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Abu Dhabi, UAETuesday 11 December 2018

Cryptocurrency thieves try to launder $530m heist

Hacker sending out “XEM” coins to random accounts in 100 XEM batches, worth about $83 each, says expert

The building housing the headquarters of cryptocurrency exchange Coinchec in Tokyo, Japan. Akio Kon/Bloomberg
The building housing the headquarters of cryptocurrency exchange Coinchec in Tokyo, Japan. Akio Kon/Bloomberg

Hackers who stole around $530 million worth of cryptocurrency from the Coincheck exchange last week - one of the biggest such heists ever - are trying to move the stolen “XEM” coins, the foundation behind the digital currency said on Tuesday.

NEM Foundation, creators of the XEM cryptocurrency, have traced the stolen coins to an unidentified account, and the account owner had begun trying to move the coins on to six exchanges where they could then be sold, Jeff McDonald said.

Hackers made off with about $533 million worth of the cryptocurrency from Tokyo-based exchange Coincheck late last week, raising fresh questions about security and regulatory protection in the booming market.

The location of the hackers’ account was not known.

“[The hackers are] trying to spend them on multiple exchanges. We are contacting those exchanges,” said Singapore-based Mr McDonald.

NEM Foundation spokeswoman Alexandra Tinsman said the hacker had started sending out “XEM” coins to random accounts in 100 XEM batches, worth about $83 each.

“When people look to launder these types of funds, they sometimes spread it into smaller transactions because it’s less likely to trigger [exchanges’] anti-money laundering [mechanisms],” said Tom Robinson, co-founder of Elliptic, a cryptocurrency security firm in London.

Mr Robinson said such hopping among different cryptocurrencies was becoming more prevalent among cybercriminals trying to cover their tracks.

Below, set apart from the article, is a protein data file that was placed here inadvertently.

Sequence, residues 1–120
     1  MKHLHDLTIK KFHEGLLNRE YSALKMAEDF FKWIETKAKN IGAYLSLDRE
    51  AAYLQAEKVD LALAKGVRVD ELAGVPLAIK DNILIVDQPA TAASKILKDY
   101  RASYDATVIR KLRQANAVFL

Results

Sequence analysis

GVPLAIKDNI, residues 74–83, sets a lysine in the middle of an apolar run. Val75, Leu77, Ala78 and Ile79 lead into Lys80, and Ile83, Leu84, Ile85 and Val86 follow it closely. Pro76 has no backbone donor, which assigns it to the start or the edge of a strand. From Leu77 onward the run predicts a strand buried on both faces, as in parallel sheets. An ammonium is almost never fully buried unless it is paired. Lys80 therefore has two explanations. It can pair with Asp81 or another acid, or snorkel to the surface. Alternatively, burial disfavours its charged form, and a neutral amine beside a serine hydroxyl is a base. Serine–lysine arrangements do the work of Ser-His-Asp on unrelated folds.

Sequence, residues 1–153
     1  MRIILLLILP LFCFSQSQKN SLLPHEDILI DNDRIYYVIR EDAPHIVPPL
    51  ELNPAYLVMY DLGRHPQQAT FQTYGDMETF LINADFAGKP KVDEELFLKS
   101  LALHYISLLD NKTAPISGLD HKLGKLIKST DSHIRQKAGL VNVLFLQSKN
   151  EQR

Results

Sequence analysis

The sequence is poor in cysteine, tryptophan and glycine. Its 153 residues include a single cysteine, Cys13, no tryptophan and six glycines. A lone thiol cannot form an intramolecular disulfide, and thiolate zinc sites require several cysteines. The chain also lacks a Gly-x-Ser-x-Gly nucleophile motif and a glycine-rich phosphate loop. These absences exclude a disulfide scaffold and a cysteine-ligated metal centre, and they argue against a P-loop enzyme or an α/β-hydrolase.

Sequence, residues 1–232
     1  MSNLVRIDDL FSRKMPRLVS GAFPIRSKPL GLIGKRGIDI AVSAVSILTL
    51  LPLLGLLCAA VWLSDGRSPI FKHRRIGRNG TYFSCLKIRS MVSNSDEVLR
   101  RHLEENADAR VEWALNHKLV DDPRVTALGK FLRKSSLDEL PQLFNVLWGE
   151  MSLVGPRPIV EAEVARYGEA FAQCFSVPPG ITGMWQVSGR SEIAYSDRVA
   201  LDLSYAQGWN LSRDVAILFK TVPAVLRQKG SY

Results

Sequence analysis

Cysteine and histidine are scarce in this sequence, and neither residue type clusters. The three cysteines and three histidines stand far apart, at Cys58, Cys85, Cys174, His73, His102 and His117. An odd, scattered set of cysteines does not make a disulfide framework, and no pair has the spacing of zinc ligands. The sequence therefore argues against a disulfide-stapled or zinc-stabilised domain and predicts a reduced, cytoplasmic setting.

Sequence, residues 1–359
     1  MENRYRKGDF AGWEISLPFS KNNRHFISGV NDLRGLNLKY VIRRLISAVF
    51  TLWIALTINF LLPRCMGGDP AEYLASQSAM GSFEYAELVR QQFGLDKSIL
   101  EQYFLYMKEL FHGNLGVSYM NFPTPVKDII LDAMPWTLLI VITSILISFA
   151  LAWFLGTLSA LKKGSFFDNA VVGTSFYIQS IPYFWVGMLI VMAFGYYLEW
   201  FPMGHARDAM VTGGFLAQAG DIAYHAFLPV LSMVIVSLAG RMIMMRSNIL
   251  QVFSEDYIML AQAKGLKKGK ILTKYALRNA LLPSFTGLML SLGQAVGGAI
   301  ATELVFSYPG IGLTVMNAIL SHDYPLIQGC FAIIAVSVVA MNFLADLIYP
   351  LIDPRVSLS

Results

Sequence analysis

The coins that the hackers had taken made up around 5 per cent of the total supply of XEM, the world’s 10th biggest cryptocurrency, according to trade website Coinmarketcap.

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Mr McDonald said the hackers were unlikely to try to spend anything close to all of the stolen cryptocurrency at once, because the “market simply couldn’t absorb that much”.

If the hackers successfully moved the coins to an exchange, they were likely to try to swap them into another cryptocurrency before transferring the coins back into a conventional currency, he said. That would make the funds difficult or near impossible to trace.

“I would assume that they are going to get away with some of the money,” Mr McDonald said.

At least three dozen heists on cryptocurrency exchanges since 2011 are known; many of the hacked exchanges later shut down. More than 980,000 bitcoins have been stolen, and few have ever been recovered.

In 2014, Tokyo-based Mt Gox, which once handled 80 per cent of the world’s bitcoin trades, filed for bankruptcy after losing bitcoins worth around half a billion dollars - then the biggest ever such heist, which triggered a huge sell-off in bitcoin.

“It shows how far the industry has come that a hack of this scale isn’t really an issue,” said Mr Robinson. “This is just kind of a blip.”

As of 1744 GMT, XEM was trading at around $0.83 per coin, with a total market value of around $7.5 billion. That was around 20 per cent lower than trading levels on Friday, when the hack was announced, but XEM is still up almost 300 per cent over the past two months.

Japan’s Financial Services Agency (FSA) on Monday ordered improvements to operations at Coincheck, which on Friday suspended trading in all cryptocurrencies except bitcoin.